Is India ready for the post-diesel era?
The government and auto makers should work together to ensure a smooth transition
The diesel engine has never faced such an existential crisis. Across the world its popularity as a powertrain for passenger vehicles is on the decline. Europe, its biggest market (53 per cent of all cars sold is powered by diesel), is fast giving up on the fuel it favoured the most till recently.
France, where diesel cars account for 70 per cent of its overall fleet, saw more petrol cars being sold in 2017. In neighbouring Germany, the share of diesel cars fell from 48 per cent in 2012 to 33 per cent in 2018. If ‘dieselgate’ has left it badly stigmatised, the tightening emission norms are sounding the death knell for diesel engines around the world.
India too will be impacted by this development and it needs to act appropriately to manage the transition.
India’s love for diesel powertrains peaked in 2012-13. That was a time when diesel cars accounted for 47 per cent of all passenger vehicles sold in the country. This fad was driven more by cheaper diesel prices (it was lower than petrol by as much as Rs. 25 per litre) than for any other reasons.
That changed when government de-controlled diesel prices in October 2014. As the price differential between diesel and petrol narrowed, the equation changed. Today, only 23 per cent of the cars sold have diesel powertrains.
But the Indian government’s decision to leapfrog from BS-IV to BS-VI emission norms directly will impact diesel engines the hardest and will force India to promote electrification and hybridisation more seriously. It will also be forced to re-imagine public transportation and movement of goods by road.
Globally the initial stages of emission norms focussed on carbon-di-oxide emission. Euro-I to Euro-4 emission norms did just that. Diesel engines performed well on this account as they emitted lower CO2 and this saw most European countries promoting diesel cars with incentives.
As emission norms evolved, it became clear that particulate matter (PM) and Oxides of Nitrogen (NOx) were equally dangerous. This ended diesel engines’ dream run as they emit higher levels of PM and Nox than petrol engines. Euro-V norms that were introduced in 2010 focussed on reducing PM while Euro-VI norms that came into force in 2015 targeted NOx.
As India chose to go directly to BS-VI from April 2020, the manufacturers have to tackle both PM and NOx in one go.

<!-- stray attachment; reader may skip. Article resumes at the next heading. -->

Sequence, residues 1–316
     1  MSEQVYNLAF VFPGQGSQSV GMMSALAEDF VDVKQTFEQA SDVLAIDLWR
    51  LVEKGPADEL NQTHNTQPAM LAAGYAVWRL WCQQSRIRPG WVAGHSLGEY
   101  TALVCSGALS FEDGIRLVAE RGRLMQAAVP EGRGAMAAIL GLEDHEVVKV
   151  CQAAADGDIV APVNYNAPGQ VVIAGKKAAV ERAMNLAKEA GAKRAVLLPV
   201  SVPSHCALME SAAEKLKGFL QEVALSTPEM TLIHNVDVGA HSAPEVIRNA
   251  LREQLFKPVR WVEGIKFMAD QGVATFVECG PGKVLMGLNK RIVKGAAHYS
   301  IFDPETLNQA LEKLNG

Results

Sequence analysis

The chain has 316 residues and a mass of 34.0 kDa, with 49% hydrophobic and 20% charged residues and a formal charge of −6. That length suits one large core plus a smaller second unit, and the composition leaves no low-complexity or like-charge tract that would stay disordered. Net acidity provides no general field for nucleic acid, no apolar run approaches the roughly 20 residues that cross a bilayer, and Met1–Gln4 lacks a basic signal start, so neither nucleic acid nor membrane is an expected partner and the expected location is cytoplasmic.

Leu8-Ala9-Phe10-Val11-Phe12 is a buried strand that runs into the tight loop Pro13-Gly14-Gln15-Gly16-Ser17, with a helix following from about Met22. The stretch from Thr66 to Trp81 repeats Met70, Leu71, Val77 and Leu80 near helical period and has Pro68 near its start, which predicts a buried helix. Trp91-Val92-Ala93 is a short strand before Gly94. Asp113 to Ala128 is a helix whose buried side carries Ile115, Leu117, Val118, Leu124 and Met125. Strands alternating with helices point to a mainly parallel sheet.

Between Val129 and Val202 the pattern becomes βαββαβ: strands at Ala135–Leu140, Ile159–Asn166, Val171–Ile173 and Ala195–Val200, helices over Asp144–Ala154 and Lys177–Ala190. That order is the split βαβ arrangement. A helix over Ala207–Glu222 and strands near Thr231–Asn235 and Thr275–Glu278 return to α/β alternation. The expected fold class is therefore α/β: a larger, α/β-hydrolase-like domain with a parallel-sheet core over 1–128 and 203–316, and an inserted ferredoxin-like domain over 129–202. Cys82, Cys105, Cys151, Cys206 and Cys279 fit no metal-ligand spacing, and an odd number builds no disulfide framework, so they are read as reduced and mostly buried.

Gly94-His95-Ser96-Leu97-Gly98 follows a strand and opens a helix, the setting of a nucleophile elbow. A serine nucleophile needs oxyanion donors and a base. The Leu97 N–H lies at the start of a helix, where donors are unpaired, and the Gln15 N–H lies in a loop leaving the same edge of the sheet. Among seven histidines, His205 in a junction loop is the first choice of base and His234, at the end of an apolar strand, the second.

That is not easy as it involves a complex exhaust system such as a selective catalytic reduction (SCR) and a tail pipe particulate filter to reduce NOx and PM in line with BS-VI norms. SCR does this by converting NOx to nitrogen by pumping in liquid urea to react with the exhaust while the filter reduces the PM coming out of the vehicle to the required level.
This system will cost upwards of Rs. 1.50 lakh depending on the size of the engine. Such cost escalation will price small, compact and entry level diesel sedans out of the market. Only pricey SUVs will be able to absorb this cost. Come April 2020, the share of diesel cars in India will see another significant drop in the volume segment.
This poses multiple challenges for the manufacturers, especially those who have set up large diesel engine capacity. They will have to compensate for fall in domestic demand by pushing exports. The fact that India will be on a par with the developed world in terms of emission norms will help as it opens up a large export market for them.
Predominantly diesel car manufacturers will have to change tact. Mahindra & Mahindra is looking at petrol engine options across all its models barring Bolero. Tata Motors too will have to do the same.
Shift to petrol?
But shifting to petrol powertrains will open another front for the manufacturers — the CAFE norms. The Corporate Average Fuel Efficiency norms, that came into force from April 2017, mandates that average corporate CO2 emission be less than 130 gm per km till 2022 and below 113 gm per kilometre thereafter. Diesel cars help manufacturers meet these norms. The shift to petrol would increase the CO2 emission and the manufacturers can meet the CAFE norms only by producing more fuel efficient petrol cars or electric/hybrid vehicles.
Electrification will definitely help but in India where bulk of the cars sold are small cars, the cost may just not work out. Though battery costs have come down substantially over the years, it is still not low enough by Indian standards.
A compact car will typically need a 20 kWh battery and considering that 1 kWh battery costs $150 or more, an electric powertrain alone will cost Rs. 4-5 lakh.
That is probably the reason Maruti Suzuki is focussing a lot more on hybrids. Under the circumstances, denying tax breaks — that electric vehicles enjoy — to hybrid vehicles appears irrational.
Rather the government should catalyse this shift to green vehicles by offering technology agnostic incentives. Its vision of 100 per cent electrification of passenger vehicle sales by 2030 may be aspirational but achieving even a third of that target would bring about a massive change. Leapfrogging to BS-VI norms has, in a way, set the tone for it.
The government can speed up things by coming out with Faster Adoption and Manufacturing of Electric Vehicles (FAME) – 2 norms which should incentivise the manufacturer rather than the buyer.
Costlier diesel engines will also increase the cost of public and goods transportation. Policies therefore should push buses with urban applications (city buses and corporate fleet) to embrace electrification.
As regards goods movement, the only option is to reduce the heavy share of road transportation by focussing on coastal shipping and use of inland waterways to move goods.
The transition away from diesel is inevitable. Faster the government and India Inc realise this and act, smoother will be the transition.